1828 Spotlight: Karla Lopez-Owens

Posted by on Mar 28, 2017 in IndyHub | No Comments

The 1828 Project is one of our signature programs at IndyHub and each year it’s full of incredible leaders between the ages of 18 and 28. Karla is a part of 1828’s Class VI. We sent her some questions. She responded. Keep reading to learn more about Karla!

karlalopezowensWhat does a typical week look like for you?

My days are spent all over the city, it just depends on the day. On Mondays, I’m usually at the central library downtown, doing my weeks’ worth of work.  Then Tuesdays – Fridays are spent mostly at the IU McKinney Law School, either in class or at the Wrongful Conviction Clinic, putting hours in the case our professor is currently defending. I also co-teach classes in the Law & Public Policy Program at Arsenal Tech High School.

Where are you originally from?

Cuernavaca, Morelos. It’s located down south in Mexico and it’s known as the city of eternal spring.

What is your favorite Indy spot?

The Indianapolis Central Library and anywhere DJ Kyle Long is playing which has recently been the Hi-Fi.

How do you typically travel around the city?

I used to ride the bus, the 34 since there was a stop outside my house but most recently I drive since my schedule is not as consistent as it once was.

If you could have coffee with anyone, living or not, who would it be and why? (Bonus points for which Indy coffee joint you’d take them to!)

I would like to have coffee with Senator Mike Delph, one of the authors of Senate Bill 423, an immigration bill here in Indy that forces or “explicitly compels educational institutions with in-state campuses from restricting any governmental body’s effort regarding obtaining, maintaining, or sharing information regarding the citizenship or immigration status of an individual.”  Basically making it illegal for campuses to be “sanctuary campuses” or in other words, not required to work with the federal government (and leaving states to decide on this issue).  I’d like to let him know how these misguided bills are affecting our community and explore ways in which we can work together. I’d invite him to rabble coffee off 10th street.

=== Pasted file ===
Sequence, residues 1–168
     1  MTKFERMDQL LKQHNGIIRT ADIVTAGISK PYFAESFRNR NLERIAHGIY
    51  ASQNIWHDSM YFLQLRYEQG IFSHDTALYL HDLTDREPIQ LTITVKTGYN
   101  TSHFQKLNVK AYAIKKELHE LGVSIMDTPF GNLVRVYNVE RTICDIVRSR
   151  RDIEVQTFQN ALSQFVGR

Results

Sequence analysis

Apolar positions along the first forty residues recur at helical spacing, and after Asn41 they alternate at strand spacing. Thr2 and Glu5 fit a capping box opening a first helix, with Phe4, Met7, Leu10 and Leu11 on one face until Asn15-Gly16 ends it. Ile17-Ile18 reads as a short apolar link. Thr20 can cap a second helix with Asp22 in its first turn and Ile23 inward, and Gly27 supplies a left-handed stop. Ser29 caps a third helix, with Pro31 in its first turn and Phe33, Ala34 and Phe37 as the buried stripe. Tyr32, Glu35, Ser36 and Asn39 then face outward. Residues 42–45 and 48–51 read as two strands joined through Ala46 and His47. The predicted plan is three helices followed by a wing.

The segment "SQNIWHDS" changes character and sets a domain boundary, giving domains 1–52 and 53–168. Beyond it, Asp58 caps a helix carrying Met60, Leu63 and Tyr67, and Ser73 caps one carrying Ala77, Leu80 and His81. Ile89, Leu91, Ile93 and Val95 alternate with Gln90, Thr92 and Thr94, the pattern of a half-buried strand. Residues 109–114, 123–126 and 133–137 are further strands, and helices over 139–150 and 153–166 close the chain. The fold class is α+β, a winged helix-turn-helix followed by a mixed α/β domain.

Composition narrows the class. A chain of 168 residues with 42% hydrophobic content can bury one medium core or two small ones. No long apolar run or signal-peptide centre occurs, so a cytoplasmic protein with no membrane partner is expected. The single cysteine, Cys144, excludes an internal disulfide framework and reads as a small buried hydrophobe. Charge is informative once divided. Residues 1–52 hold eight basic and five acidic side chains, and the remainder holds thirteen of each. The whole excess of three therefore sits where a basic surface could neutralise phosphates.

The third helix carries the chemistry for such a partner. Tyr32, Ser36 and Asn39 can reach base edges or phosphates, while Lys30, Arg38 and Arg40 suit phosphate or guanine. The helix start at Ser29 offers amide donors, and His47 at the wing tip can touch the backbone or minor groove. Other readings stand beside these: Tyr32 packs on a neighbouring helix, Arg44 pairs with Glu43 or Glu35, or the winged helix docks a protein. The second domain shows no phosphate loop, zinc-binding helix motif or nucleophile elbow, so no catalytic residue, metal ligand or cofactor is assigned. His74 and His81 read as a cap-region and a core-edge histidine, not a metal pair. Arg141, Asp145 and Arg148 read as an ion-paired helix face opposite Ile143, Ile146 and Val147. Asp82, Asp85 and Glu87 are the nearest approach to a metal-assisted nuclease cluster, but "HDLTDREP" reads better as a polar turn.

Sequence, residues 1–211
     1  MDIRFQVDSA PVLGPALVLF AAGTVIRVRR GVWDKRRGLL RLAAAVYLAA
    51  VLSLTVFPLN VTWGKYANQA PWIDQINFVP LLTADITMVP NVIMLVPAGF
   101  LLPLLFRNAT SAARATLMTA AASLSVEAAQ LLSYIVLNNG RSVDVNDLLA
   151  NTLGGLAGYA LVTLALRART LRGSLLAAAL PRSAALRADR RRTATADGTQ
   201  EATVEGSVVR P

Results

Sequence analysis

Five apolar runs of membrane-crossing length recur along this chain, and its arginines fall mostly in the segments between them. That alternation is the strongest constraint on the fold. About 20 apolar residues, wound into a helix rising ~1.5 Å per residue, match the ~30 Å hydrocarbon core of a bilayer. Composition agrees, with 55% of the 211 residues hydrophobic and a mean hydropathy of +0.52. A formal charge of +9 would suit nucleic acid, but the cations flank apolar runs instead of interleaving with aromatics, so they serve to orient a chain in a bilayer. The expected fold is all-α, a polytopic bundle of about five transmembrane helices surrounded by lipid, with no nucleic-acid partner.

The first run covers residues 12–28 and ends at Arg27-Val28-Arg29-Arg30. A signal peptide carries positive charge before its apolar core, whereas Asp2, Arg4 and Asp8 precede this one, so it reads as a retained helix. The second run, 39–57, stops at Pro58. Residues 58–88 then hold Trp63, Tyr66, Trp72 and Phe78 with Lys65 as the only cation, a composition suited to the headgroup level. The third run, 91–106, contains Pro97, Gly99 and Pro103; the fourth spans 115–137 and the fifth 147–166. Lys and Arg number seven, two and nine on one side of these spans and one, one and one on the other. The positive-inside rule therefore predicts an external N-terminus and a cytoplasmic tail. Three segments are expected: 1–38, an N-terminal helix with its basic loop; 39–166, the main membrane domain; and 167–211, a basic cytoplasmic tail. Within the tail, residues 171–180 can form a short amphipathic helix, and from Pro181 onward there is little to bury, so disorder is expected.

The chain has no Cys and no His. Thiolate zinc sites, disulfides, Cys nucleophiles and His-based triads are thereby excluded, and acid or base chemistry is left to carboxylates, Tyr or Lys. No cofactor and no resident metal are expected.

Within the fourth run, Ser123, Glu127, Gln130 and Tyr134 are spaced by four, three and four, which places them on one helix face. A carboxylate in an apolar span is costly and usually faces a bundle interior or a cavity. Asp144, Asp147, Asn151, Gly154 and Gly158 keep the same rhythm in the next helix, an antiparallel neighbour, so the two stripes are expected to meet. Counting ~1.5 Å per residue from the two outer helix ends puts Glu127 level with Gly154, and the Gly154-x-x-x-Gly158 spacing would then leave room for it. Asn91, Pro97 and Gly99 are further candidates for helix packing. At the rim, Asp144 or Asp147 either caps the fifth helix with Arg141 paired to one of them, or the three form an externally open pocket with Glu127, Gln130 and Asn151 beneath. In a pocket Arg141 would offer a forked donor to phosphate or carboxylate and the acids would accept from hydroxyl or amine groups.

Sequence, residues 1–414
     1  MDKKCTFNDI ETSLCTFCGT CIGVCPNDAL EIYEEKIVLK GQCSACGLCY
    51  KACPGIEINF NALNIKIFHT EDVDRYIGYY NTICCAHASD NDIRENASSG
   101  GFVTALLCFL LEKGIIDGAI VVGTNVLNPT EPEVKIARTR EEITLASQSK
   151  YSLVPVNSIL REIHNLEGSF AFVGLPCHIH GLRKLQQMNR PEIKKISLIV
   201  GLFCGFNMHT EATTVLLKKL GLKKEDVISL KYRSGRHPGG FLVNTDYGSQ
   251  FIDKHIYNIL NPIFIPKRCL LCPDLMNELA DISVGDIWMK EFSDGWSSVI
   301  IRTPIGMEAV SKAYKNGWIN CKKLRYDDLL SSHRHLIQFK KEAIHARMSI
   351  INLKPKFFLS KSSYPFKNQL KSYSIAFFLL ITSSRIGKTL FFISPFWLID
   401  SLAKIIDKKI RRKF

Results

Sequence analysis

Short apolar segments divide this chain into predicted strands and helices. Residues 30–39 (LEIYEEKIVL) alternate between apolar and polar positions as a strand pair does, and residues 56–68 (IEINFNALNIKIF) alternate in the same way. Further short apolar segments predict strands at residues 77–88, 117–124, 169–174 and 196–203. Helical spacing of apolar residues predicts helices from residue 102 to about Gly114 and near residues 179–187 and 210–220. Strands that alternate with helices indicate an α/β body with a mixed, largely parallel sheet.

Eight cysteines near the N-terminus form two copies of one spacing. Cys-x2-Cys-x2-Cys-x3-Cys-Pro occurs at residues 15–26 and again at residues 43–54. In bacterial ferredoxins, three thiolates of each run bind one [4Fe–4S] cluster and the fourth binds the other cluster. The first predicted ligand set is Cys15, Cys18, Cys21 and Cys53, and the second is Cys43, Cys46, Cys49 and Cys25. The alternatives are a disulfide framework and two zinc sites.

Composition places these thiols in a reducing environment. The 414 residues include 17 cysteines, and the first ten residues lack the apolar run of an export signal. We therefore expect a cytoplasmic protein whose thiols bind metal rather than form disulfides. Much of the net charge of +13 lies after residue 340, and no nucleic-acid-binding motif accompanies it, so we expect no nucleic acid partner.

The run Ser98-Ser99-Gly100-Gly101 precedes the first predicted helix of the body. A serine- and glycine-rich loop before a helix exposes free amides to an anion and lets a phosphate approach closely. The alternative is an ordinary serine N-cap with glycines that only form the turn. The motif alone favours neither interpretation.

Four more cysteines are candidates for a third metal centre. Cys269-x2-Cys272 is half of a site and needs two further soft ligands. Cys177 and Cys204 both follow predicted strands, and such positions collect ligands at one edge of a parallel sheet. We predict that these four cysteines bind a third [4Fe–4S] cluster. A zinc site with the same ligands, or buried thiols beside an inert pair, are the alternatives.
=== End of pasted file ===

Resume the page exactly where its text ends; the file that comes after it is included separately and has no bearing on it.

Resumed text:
Thinking forward to the next 5 years in Indy, what are you most excited about for the future?

Elections! I have friends who are citizens of immigrant descent or immigrants like myself who are US citizens that have mentioned interest in running for office at some point here in Indy. Maybe that time will be 5 years from now.  One of the things I’m hoping to implement are taco trucks on every corner.

Are you reading anything interesting right now, if so, what book?

I’m currently reading “Indiana’s African-American Heritage” that I picked up from the Indiana Historical Society a few days ago, actually! It’s 16 articles “that first appeared in Black History News & Notes” the articles cover women in Indiana, the political dynamics from back in the day and how they shaped the political climate today and education and culture.  Even though I’m only on the first chapter, I already feel empowered: the book notes women like Madam C.J. Walker and how when a movie theater denied her entrance because she was African-American, she basically said: “to hell with you guys,” and went ahead and built her own.

Would you rather visit the world 100 years in the past or 100 in the future and why?

I think 100 years in the past.  Assuming I was living in Mexico, this is when the constitution was being drafted.  Even though the patriarchy was alive and well back then, I want to believe I would have taken some part in this piece of legislation that is still in effect today… even if that meant hiding my hair in a hat and drawing on a mustache to pass off as a man, like many women back then had to do.

What is one of your favorite family traditions?

My favorite family tradition is going to Parke County every October for the Covered Bridge Festival.  They sell soy candles and lotion made in Indiana.  It’s really exciting!


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